Sports

Bates Track & Field Introduces the Peter and Lois Doran Award for Excellence

The track and field program here at Bates is one of the oldest and most successful on campus, as anyone who has ever seen the east wall of the indoor track can well attest–hundreds of men’s and women’s All-Americans, along with national champions across nearly every event discipline. However, new additions to this wall will be coming soon with the introduction of the Peter and Lois Doran Award for Track and Field Excellence.

Named after longtime meet official, Peter Doran, the award will honor one member of the men’s and women’s teams who “displays dedication to the college, program and coaches, leadership on the team and on campus, achievement at the highest level of personal ability and maintains a cumulative GPA of 3.30 or higher.”

Mr. Doran was a varsity athlete during before graduating from Colby in 1958, playing multiple sports but also specializing in throws when in season for track and field. Since then, Mr. Doran searched for a way to continue to remain engaged in the track and field world, eventually landing on officiating. He has officiated the indoor Maine State meet since its inception more than 50 years ago, as well as many Bates home meets, junior Olympic meets, and even some on the national stage.

When asked by Aaron Morse of the Bates Bobcast how the award came to be, Peter replied, “It’s our esteem for Bates College and the emphasis they’ve placed on track and field. We wanted to be able to recognize that, and to find some way of providing incentive to student-athletes, as they’re participating, here in Bates, to encourage them to excellence. But not just in track and field, but in as many phases of their lives.”

In his speech to both track teams on Jan. 27, Mr. Doran made sure to emphasize that his connection with the sport of track and field could not have been realized without the support of his wife, Lois Doran. Her name also graces the award, despite her humble claims that the award is representative of her husband’s work, “I support him in what he’s doing, I know how much he loves it. I worry about him sometimes, but…I love it.” Lois also made sure to voice the fact that track and field is not like other sports, in more than one sense: “A lot of other sports, like basketball and baseball, you don’t get to play, you sit on the bench. You don’t get to play. But these kids [track and field athletes] can do so many things, it’s very special.”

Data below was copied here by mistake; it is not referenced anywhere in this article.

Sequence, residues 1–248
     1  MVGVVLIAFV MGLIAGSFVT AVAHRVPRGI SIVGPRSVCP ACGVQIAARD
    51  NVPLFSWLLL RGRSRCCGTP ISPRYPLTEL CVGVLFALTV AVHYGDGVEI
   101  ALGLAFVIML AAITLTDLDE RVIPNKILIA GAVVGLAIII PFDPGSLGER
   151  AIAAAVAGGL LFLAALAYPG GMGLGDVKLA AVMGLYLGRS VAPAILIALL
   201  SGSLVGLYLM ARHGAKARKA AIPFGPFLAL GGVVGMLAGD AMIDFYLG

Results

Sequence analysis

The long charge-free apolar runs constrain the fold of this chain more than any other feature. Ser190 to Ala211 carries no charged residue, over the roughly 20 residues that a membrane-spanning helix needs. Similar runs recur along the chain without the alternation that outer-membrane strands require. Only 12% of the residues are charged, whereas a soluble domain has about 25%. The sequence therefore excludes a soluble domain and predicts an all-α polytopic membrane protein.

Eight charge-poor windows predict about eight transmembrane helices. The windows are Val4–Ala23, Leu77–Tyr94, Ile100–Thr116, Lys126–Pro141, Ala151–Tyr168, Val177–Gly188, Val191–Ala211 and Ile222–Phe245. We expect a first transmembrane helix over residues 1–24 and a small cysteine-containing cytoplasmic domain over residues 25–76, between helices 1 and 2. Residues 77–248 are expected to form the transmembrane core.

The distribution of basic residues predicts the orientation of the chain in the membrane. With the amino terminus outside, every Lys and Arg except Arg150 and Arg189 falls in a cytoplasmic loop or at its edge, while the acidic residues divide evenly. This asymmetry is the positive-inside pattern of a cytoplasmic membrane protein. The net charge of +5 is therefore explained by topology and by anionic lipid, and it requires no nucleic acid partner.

Perhaps the most special aspect of the award itself is that one doesn’t have to necessarily be the ‘best’ athlete on the track teams; the stipulations for the award are very clear that much of the weight in the selection is placed in things like sportsmanship, community outreach, and overall excellence, as opposed to simply selecting the best member of the men’s and women’s teams.

On this note Peter commented, “It is such an opportunity here at Bates, to take advantage of all the activities that are possible. Obviously, the academic scholarship, and the athletic opportunities are important. But in addition to those, the nice thing about being a student these days in a liberal arts college like this, that’s part of the community.”

Peter Doran will be in attendance at the Maine State Meet this weekend, with the women competing at USM on Friday, Feb. 7th, and the men competing at Bowdoin the following day. Both meets will take place in the evening, with the women looking to win their seventh straight indoor state title, while the men look to repeat last year’s dominant victory.

Following their respective achievements in cross country at the state meet, both teams will be looking to take home the second piece of the elusive ‘Triple Crown,’ which requires winning all three Maine meets (cross country, indoor, and outdoor) in a single year. Both teams have gotten off to phenomenal starts, but will look to up the ante with championship season around the corner.